Home World MH370 passengers 'doomed by 9/11 safety feature' that stopped crew entering cockpit

MH370 passengers 'doomed by 9/11 safety feature' that stopped crew entering cockpit

It’s been a whole ten years since the Malaysia Airlines MH370 plane disappeared from screens, leaving families in tears not knowing what happened. People speculated wildly about the flight with some claiming it was shot down or landed on an island by accident.

Some think the pilot, Zaharie Ahmad Shah, who was 52, might have crashed the plane to Beijing on purpose into the sea. Beverley Boden, an expert at Teesside University International Business, thinks this terrifying theory holds weight because of new rules for planes made after the attacks in America in 2001.

These new rules meant that if the pilot wanted to crash, no one else could get into the cockpit to stop them.

She said: “The knee-jerk reaction to the events of 9/11 with the ill-thought reinforced cockpit door has had catastrophic consequences, with crews unable to re-enter the cockpit should the sterile environment change.”

“Planes go up, and planes come down, but what they don’t do is vanish into thin air, and this is what happened. Was it terrorism, was it an act of war, was it a deliberate act, was it hijacking? Some family members think that airline officials intentionally placed washed-up debris from a Boeing 777 to divert attention from the flight crew.”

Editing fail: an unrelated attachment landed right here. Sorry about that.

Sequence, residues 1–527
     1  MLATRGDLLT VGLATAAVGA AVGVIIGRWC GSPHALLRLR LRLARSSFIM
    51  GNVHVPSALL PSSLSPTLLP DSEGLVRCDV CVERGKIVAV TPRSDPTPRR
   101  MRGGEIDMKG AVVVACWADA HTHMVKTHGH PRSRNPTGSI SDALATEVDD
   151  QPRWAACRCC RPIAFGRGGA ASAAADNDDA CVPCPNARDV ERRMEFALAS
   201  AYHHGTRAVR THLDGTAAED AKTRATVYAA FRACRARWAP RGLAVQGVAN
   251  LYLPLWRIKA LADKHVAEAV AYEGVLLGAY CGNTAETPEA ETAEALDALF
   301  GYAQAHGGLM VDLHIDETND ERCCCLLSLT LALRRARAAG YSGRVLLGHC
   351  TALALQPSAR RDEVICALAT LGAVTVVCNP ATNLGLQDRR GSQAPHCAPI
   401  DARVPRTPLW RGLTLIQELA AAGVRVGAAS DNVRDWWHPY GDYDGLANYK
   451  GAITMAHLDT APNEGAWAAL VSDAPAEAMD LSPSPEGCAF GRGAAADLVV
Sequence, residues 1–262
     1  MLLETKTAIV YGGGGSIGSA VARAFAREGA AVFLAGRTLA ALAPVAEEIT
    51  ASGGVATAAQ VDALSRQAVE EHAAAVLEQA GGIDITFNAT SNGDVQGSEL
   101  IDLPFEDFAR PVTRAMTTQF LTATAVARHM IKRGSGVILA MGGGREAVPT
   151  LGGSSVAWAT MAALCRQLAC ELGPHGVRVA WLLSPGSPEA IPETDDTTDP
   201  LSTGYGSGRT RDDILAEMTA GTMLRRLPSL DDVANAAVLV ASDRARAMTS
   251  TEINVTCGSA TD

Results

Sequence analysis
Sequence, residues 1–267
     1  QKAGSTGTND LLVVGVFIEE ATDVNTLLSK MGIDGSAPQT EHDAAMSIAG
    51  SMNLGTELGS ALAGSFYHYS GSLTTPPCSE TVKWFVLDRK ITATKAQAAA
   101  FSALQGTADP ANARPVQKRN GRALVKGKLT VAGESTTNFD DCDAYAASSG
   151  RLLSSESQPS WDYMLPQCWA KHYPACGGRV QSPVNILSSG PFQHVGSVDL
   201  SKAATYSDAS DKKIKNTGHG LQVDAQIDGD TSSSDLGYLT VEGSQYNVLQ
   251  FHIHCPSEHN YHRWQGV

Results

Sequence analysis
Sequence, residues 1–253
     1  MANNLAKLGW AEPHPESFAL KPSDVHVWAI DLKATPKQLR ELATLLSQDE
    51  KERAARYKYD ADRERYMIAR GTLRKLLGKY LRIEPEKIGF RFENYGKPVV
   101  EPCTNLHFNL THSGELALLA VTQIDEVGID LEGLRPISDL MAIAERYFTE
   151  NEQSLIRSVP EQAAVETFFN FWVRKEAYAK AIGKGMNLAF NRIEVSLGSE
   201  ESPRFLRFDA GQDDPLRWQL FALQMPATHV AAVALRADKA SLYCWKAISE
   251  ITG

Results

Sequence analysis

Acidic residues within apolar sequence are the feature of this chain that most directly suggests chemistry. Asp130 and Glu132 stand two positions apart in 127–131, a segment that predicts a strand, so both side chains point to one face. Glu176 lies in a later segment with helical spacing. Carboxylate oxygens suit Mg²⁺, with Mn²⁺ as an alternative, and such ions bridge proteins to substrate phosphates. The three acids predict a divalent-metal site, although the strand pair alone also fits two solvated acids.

Speaking to The Mirror, she continued: “Nonetheless, the families of MH370 continue to hold onto hope for answers and closure as they patiently await any new developments or breakthroughs in the investigation.

“It remains one of the greatest mysteries in aviation history as lessons continue to be learned in how airlines respond to crisis management and crew resource management.”

A press release from the Federal Aviation Administration in 2002 said cockpit doors “required strengthening”.

It read: “The doors will be designed to resist intrusion by a person who attempts to enter using physical force. This includes the door, its means of attachment to the surrounding structure, and the attachment structure on the bulkhead itself.”

“All new doors must meet existing FAA safety requirements. Requires cockpit doors to remain locked. The door will be designed to prevent passengers from opening it without the pilot’s permission. An internal locking device will be designed so that it can only be unlocked from inside the cockpit.”

Airplane doors are also bulletproof and many planes have CCTV cameras so the crew in the cockpit can watch what’s happening in the main cabin.


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